NHS reveals steady increase in medical negligence payments

Medical negligence payments for missed blood clots paid out by the NHS have been rising steadily over the past five years, according to figures recently released by the NHS Litigation Authority.

A combined total of £112 million in personal injury compensation for medical negligence has been paid out across the UK by NHS Trusts, the report indicated.  This is due to medical staff throughout the country failing to screen for blood clots adequately or neglecting to prescribe proper medications to manage the condition.

If the proper screening procedures were put in place, medical negligence accident claims experts have stated that approximately 10,000 lives could be saved on a yearly basis on hospital wards.  Former Department of Health Chief Medical Officer Sir Liam Donaldson stated that all patients admitted to UK hospitals should be screened for blood clots.

£26 million in injury claims compensation was paid out to patients for blood-clot related injuries that both could and should have been avoided in 2010, said the survey.  This represents a £5 million increase on 2005 figures, the NHS Litigation Authority reported.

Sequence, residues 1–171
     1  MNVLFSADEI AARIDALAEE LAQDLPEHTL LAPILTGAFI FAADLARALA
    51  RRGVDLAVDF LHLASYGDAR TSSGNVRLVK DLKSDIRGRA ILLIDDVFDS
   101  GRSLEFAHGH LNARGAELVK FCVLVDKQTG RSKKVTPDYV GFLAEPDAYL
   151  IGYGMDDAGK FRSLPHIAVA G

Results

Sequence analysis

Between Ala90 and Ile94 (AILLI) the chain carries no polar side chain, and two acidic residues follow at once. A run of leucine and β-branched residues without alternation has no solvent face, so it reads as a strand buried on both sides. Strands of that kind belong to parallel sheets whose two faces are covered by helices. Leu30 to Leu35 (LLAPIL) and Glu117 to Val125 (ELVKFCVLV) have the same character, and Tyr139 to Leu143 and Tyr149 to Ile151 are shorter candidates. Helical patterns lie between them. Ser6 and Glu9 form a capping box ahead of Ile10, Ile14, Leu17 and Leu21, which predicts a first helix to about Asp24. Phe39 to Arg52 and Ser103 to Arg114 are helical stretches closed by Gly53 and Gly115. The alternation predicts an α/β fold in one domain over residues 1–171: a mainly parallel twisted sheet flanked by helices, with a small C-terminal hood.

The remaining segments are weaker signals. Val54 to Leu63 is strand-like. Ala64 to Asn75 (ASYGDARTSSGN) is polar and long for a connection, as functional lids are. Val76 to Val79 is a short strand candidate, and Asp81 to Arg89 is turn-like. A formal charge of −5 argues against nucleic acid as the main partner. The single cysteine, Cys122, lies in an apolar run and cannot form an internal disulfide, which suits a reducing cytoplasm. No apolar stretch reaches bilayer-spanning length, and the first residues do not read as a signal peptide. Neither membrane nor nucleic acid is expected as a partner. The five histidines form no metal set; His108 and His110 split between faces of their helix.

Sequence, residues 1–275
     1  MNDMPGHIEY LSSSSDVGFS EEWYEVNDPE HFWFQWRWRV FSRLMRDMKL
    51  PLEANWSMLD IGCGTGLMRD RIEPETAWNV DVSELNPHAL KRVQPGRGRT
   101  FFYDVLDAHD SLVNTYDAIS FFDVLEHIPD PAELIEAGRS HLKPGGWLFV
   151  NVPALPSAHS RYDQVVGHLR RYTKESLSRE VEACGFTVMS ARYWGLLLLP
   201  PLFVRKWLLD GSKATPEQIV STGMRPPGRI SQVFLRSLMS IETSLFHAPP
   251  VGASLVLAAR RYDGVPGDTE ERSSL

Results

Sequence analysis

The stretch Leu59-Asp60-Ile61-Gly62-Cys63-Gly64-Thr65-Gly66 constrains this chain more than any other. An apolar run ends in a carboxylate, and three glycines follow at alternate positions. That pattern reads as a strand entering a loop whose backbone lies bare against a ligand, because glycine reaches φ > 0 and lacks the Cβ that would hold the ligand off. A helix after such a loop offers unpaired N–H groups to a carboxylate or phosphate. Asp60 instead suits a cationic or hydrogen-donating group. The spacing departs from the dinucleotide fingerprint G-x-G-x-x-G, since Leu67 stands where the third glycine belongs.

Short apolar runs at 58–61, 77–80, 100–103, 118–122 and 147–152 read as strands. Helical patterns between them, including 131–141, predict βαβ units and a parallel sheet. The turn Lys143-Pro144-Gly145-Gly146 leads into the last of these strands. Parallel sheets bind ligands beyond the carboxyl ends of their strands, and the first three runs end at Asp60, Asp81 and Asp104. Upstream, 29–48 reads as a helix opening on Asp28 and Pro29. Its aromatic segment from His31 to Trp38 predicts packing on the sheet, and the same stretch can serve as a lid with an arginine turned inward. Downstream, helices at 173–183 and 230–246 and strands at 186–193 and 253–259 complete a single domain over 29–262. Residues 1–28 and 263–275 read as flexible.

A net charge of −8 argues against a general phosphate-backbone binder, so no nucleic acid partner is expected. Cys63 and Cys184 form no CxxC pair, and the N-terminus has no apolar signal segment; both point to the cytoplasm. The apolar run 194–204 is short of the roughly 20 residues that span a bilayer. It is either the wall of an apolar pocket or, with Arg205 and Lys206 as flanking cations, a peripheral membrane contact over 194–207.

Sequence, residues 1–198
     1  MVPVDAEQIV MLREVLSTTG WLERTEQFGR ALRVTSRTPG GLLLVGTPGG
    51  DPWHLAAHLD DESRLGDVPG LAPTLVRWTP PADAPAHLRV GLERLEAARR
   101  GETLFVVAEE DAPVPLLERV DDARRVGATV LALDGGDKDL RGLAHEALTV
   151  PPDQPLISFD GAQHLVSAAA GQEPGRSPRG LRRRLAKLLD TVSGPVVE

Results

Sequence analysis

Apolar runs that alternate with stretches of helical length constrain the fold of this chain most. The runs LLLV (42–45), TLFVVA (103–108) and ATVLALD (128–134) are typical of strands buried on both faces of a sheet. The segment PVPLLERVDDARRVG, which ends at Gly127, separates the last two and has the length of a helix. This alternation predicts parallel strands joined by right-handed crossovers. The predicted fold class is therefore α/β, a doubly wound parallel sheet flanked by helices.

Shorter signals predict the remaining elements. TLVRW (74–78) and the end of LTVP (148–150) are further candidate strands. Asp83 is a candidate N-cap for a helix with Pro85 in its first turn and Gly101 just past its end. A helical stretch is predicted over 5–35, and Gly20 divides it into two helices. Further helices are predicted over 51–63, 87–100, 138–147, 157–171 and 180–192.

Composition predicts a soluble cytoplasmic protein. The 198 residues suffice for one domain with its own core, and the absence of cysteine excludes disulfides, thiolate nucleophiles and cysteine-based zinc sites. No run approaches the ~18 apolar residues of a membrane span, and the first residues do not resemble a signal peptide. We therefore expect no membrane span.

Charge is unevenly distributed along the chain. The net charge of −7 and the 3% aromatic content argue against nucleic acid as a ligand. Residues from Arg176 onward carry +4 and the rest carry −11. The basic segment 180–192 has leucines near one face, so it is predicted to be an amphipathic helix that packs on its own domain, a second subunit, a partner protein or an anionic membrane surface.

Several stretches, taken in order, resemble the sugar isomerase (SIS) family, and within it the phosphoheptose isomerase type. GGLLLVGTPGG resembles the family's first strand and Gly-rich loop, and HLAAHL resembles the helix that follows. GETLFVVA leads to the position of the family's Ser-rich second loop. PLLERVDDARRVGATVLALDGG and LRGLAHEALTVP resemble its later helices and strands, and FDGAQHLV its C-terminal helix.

One thrombosis charity called ‘LifeBlood’ recently made the suggestion that payments could end up being more than £250 million over ten years by 2015.  Profesor Beverly Hunt, Lifeblood Medical Director, stated that the condition, while preventable, has a devastating cost to human life not just in the UK but abroad as well.

LifeBlood-conducted research findings indicated that only 68.4 per cent of patients were screened for blood clots in UK hospitals during the second half of 2010.  This is despite an official guideline that states the screening target is 90 per cent – which means that a possible 1.16 million cases of blood clots could have been completely missed by UK medical staff.

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